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U.S. Securities and Exchange Commission


Litigation Release No. 19895 / October 31, 2006

Accounting and Auditing Enforcement
Release No. 2505 / October 31, 2006

Securities and Exchange Commission v. Eric G. Borrmann, Civil Action No. C-06-6722-MHP, N.D. Cal., October 30, 2006

SEC Charges Former McAfee, Inc. Financial Officer with Fraud

On October 30, 2006, the Securities and Exchange Commission filed a complaint in the United States District Court for the Northern District of California against Eric G. Borrmann, a former senior financial officer for McAfee, Inc., formerly known as Network Associates, Inc. The complaint charges that Borrmann aided and abetted a multimillion dollar financial fraud at McAfee from mid-1999 until his departure from the company in July 2000. The complaint further charges that Borrmann traded in the securities of McAfee while in possession of material, nonpublic information concerning the financial fraud and that his profits from the illegal trading were approximately $314,517.

Simultaneously with the filing of the complaint, Borrmann has consented, without admitting or denying the allegations of the complaint, to the entry of an order permanently enjoining him from violating, directly or indirectly, Section 17(a) of the Securities Act of 1933, Section 10(b) of the Securities Exchange Act of 1934, and Rule 10b-5 thereunder, which are the antifraud provisions of the federal securities laws. Borrmann also has consented to the entry of an order that bars him for five years from serving as an officer or director of a public company. The order further requires Borrmann to pay $757,563, consisting of $314,517 in disgorgement of his unlawful trading profits, $128,529 in prejudgment interest thereon, and a civil penalty of $314,517.

The Commission's complaint alleges that mid-1999 until his departure in July 2000 Borrmann held various senior financial positions at McAfee, including serving as McAfee's treasurer, and was responsible for all financial planning and investor relations at the company. During that period, Borrmann routinely assisted other senior McAfee executives in calculating and forecasting the company's quarterly and yearly financial performance. Through regular meetings with McAfee's senior executives and managers, Borrmann learned of certain fraudulent schemes that McAfee was using during 1999 and 2000 to inflate its revenues. In the second quarter of 2000, Borrmann assisted McAfee's executives and senior managers in the preparation and dissemination to investors of false and misleading information about McAfee's financial results, including its inflated revenues and earnings.

The complaint further alleges that, after his resignation from McAfee, Borrmann engaged in insider trading when, during the period from July through September 2000, he sold McAfee securities while in possession of material, nonpublic information concerning the fraud and McAfee's deteriorating financial condition. Later, on December 26, 2000, after years of employing fraudulent schemes to inflate its reported revenues, McAfee stated in a press release that its sales for the fourth quarter 2000 would be only $55 million, dramatically lower than the company's earlier prediction of $245 million. The news sent Network Associates' stock price down sharply and slashed more than $1 billion from the company's market capitalization. By trading in advance of the fourth quarter 2000 earnings announcement, Borrmann realized unlawful profits of $314,517.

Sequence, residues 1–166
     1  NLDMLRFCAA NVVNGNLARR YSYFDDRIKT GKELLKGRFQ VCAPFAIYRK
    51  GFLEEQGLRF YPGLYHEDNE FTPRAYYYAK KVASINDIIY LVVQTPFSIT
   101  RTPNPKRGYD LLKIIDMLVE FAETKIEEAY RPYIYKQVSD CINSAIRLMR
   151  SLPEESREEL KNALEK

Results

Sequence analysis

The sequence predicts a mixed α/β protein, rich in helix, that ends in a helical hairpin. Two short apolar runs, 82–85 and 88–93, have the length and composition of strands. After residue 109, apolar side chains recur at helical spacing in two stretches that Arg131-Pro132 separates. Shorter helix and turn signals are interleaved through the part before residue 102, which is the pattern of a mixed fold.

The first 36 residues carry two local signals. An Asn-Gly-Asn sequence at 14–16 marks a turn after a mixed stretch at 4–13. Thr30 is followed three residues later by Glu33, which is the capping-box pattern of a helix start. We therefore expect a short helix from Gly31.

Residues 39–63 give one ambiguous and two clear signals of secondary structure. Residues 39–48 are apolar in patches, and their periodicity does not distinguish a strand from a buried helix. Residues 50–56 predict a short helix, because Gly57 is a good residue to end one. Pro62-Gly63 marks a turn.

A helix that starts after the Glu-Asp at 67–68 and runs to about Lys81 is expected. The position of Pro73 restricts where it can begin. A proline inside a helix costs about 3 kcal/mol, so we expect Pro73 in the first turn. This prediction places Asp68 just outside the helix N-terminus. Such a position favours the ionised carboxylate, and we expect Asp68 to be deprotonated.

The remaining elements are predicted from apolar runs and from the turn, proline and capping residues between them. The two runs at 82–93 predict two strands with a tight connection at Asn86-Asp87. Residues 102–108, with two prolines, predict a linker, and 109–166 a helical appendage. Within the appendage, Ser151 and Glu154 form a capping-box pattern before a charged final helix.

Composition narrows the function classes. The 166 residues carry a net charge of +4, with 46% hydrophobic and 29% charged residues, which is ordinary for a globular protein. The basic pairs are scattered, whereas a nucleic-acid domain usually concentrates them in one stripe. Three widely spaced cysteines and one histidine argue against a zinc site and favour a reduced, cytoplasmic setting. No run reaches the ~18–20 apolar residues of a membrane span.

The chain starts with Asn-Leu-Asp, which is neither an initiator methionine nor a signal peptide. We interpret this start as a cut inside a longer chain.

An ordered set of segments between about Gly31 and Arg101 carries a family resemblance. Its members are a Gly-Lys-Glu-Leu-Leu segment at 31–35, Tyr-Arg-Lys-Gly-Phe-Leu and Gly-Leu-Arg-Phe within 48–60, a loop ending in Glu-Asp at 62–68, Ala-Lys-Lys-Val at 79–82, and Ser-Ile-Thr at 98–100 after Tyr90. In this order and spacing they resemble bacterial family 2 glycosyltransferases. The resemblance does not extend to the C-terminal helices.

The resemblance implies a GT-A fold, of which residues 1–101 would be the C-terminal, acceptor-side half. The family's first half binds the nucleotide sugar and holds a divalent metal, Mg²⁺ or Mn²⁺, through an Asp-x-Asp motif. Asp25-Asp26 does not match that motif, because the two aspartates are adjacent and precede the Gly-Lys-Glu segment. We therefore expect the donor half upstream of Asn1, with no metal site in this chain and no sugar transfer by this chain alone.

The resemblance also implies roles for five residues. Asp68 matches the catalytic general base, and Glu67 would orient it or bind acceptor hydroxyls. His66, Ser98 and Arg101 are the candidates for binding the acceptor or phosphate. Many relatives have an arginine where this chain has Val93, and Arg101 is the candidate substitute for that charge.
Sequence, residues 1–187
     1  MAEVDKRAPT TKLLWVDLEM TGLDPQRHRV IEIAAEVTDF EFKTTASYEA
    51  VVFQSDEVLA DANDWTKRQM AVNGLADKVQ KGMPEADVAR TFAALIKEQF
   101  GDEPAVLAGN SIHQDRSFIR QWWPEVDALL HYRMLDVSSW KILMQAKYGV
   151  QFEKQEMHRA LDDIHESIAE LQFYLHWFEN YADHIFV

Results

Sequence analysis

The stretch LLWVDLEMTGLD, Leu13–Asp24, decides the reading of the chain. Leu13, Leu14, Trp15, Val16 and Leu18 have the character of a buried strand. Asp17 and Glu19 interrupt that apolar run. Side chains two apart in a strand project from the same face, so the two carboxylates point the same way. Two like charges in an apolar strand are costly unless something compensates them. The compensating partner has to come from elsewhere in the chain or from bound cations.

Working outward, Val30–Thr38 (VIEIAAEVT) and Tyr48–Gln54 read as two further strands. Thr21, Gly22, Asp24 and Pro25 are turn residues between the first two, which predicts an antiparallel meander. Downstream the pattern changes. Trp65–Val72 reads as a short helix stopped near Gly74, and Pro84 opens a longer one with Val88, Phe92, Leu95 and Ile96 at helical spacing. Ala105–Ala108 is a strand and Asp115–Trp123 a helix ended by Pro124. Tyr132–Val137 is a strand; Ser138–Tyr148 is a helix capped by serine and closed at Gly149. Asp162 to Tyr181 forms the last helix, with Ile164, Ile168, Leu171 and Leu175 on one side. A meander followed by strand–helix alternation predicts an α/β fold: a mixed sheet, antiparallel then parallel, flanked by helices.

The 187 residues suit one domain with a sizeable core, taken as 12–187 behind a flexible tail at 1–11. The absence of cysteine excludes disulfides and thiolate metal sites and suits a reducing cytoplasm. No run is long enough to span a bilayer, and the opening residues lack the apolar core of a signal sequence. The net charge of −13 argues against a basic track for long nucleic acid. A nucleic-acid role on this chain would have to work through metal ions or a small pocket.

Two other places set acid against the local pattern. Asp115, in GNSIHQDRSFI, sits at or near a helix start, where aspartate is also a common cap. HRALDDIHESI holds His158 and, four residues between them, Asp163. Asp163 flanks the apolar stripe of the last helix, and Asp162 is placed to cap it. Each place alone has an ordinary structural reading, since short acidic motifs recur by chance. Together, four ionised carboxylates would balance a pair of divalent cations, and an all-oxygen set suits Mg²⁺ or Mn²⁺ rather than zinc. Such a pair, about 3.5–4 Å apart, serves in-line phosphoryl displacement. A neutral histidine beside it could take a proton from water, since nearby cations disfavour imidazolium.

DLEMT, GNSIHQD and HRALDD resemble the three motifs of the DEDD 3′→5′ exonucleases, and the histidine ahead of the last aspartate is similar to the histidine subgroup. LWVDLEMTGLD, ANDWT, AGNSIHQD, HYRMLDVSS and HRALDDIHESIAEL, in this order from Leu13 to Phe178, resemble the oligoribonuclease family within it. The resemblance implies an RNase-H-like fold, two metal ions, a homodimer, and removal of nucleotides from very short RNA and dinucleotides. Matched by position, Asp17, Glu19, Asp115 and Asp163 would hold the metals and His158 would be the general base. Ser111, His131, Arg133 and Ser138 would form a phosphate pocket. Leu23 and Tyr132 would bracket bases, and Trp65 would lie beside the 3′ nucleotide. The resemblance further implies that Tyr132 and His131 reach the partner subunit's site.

On October 31, 2003, McAfee restated its financial results to correct for, among other things, the fraudulent accounting and sales practices that had inflated McAfee's revenue and earnings during 1998 through 2000. Focusing on the second quarter of 2000 alone, the period during which Borrmann assisted in compiling the financial information that was relayed to investors and analysts in McAfee's earnings press release and subsequent conference calls, the effect of the October 2003 restatement on McAfee's financial statements was dramatic. Revenues of $233.7 million as reported in the second quarter of 2000 earnings release were reduced to $158.6 million, a forty-seven percent overstatement. Similarly, previously reported net income of $11.4 million was restated as a loss of $101.3 million, or a decrease of nine hundred and eighty-nine percent.

The Commission's action against Borrmann is its fifth civil enforcement action related to the accounting fraud at McAfee. Previously, the Commission filed civil actions against McAfee, Inc. (Litigation Release No. 19520), McAfee's former Chief Financial Officer Prabhat Goyal (Litigation Release No. 18748), and two former Controllers Terry Davis (Litigation Release No. 18189) and Evan S. Collins (Litigation Release No. 18986).

The Commission acknowledges the assistance and cooperation of the U.S. Attorney's Office for the Northern District of California and the Federal Bureau of Investigation.



Modified: 10/31/2006